Wednesday, 24 May 2017

Electromagnetic radiation is probably neither electric nor magnetic at all... and the Pandora's box that idea opens.

I'm about to commit physics blasphemy, but it's only me here, and I don't mind at all being wrong. These are just my conclusions after years of trying to fit the 'demonstrated' pieces of evidence together, and my ignorance in the subject may have even helped me try thought-experiment methods that may not have been considered before. My research tends to be pretty linear (following one hypothesis rabbit-hole down to its demonstrable fact-bottom), so I tend to hear about existing similar hypothesises only after I've reached a conclusion of my own. Anyway, with this I have yet to find any hypothesis similar to this one, but I'm sure that there's one out there, somewhere.

What set me off towards this blog-entry's title conclusion was my research into the demonstrable aspects of electromagnetic radiation theory: I was wondering if the mechanics of light had ever been observed. Even before going there I was quite aware that observing electromagnetic radiation (henceforth 'EMR') is well-neigh impossible, due to the conditions that Schrodinger outlined so succinctly, but I was wondering if some 'non-classical' testing methods had ever been devised, especially since CERN entered operation.

But all I got in response to my questions (even to some professors of prestigious universities) were (often condescending) references to Maxwell's theorems, themselves based on Farraday's findings before him. I parsed these from every angle for some insight into the inner workings of EMR, but these, in spite of them being presented as 'accepted fact', are but theory, as, to date, the inner workings and mechanics of EMR has not been observed. And there is obviously something wrong with these observations, as phenomena such as those observed in the double-slit experiment still have no answer, although many are doing their damnedest to make those observations 'fit' Maxwell's theorems mathematically.

And there I noticed that most all experiments 'demonstrating' EMR's inner workings were using at least one of the 'conductor' elements, that is to say an atom that has a 'sweet spot' created by a rather weak 'charge surplus' that would be the sum of the nucleus and inner electrons; any electron attracted to this would have an orbit towards the outer 'reaches' of the atom's overall charge-reach, meaning that the electrons of two neighbouring same-element 'conductor' atoms would be 'closer' than it would be possible in any other atom; this is why and how they transfer energy (e.g., heat) and electrons (electricity) so readily.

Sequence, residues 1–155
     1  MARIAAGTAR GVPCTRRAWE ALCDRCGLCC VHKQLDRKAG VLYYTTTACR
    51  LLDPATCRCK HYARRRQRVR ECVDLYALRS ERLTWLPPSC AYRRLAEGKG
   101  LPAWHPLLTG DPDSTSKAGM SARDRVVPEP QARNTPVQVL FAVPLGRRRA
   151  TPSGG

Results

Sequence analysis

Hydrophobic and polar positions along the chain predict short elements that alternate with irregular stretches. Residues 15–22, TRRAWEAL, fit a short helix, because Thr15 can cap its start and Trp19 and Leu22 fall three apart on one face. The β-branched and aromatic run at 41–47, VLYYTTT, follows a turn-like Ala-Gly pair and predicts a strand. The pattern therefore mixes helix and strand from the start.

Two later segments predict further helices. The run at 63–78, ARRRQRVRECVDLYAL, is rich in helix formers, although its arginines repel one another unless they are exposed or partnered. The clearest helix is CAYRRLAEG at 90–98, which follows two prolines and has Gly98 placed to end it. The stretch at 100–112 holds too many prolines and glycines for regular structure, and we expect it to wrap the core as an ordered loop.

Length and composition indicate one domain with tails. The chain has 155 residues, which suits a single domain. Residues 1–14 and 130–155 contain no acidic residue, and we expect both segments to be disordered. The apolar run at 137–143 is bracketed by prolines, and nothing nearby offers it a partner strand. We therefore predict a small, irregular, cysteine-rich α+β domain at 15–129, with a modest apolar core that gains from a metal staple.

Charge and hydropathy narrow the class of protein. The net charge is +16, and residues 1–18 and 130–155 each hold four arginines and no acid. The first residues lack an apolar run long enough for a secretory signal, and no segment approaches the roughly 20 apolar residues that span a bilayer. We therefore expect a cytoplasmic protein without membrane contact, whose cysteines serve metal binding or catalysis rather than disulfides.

This behaviour is more than obvious in experiments leading to inventions such as the electric motor, and it has been demonstrated that any intense-enough form of EMR will generate electricity (and resulting 'magnetic' waves) in a conductor element, but again, this behaviour is only that of those conductor elements. Yet here we have taken this behaviour and projected it into the workings of the EMR itself, and there's something fallaciously wrong with this: it's like shining a flashlight on someone in a dark room and, should they react, declaring that the the mechanics directing the behaviour of the person reacting must be the 'same' as the light from the flashlight because 'they reacted'. Hm, I have to come up with a better analogy than that.

Anyhow, underlying all this were the questions about 'matter' I have mulled over in earlier entries, and the one non-answer prevailing from all these is gravity; it's in applying my thoughts to the gravitational constant (simply put, that the gravitational 'draw' between two mass-elements grows exponentially with proximity) and the proximity of the electrons in the above 'conductor' atoms when things began to 'click'.

'Magnetism' is Gravity.

In short, I'd like to propose that what we call 'magnetism' or 'magnetic fields' is in fact 'synchronised gravity', or in other words, instead of a 'separate' force, just a different behaviour of an 'existing' one.